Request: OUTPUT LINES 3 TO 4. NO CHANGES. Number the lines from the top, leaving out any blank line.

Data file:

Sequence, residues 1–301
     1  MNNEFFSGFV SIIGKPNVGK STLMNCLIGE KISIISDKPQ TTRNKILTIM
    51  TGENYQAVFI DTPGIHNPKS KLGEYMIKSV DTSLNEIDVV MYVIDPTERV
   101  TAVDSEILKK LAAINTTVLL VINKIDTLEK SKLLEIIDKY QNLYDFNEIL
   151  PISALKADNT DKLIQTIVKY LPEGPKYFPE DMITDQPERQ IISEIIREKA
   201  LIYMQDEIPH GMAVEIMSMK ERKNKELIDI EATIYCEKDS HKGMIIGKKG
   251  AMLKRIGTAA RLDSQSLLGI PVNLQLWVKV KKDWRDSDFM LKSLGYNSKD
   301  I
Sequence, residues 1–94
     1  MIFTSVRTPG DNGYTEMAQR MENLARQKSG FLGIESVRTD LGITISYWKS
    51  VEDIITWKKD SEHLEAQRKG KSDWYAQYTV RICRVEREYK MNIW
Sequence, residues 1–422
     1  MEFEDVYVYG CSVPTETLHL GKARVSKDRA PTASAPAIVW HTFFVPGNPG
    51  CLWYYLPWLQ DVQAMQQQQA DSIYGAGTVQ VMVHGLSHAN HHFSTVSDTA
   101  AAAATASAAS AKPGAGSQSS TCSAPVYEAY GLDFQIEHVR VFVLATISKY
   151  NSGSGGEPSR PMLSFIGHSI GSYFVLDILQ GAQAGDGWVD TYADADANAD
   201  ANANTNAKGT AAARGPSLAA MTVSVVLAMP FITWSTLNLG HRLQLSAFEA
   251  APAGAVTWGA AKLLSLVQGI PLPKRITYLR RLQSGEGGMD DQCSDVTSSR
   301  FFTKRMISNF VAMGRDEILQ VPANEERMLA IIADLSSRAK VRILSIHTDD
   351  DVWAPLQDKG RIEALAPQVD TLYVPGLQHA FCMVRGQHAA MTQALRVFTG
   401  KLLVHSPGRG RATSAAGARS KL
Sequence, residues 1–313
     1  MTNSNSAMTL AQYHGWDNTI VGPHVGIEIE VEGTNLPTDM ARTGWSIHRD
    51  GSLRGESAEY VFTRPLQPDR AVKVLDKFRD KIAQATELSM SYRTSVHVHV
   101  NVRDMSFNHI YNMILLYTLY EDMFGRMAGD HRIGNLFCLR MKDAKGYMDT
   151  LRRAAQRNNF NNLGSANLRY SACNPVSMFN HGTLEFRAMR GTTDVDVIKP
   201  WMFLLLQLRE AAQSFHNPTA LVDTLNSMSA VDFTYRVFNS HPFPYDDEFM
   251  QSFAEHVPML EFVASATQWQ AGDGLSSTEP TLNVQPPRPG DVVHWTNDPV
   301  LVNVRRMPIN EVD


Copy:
    51  TGENYQAVFI DTPGIHNPKS KLGEYMIKSV DTSLNEIDVV MYVIDPTERV
   101  TAVDSEILKK LAAINTTVLL VINKIDTLEK SKLLEIIDKY QNLYDFNEIL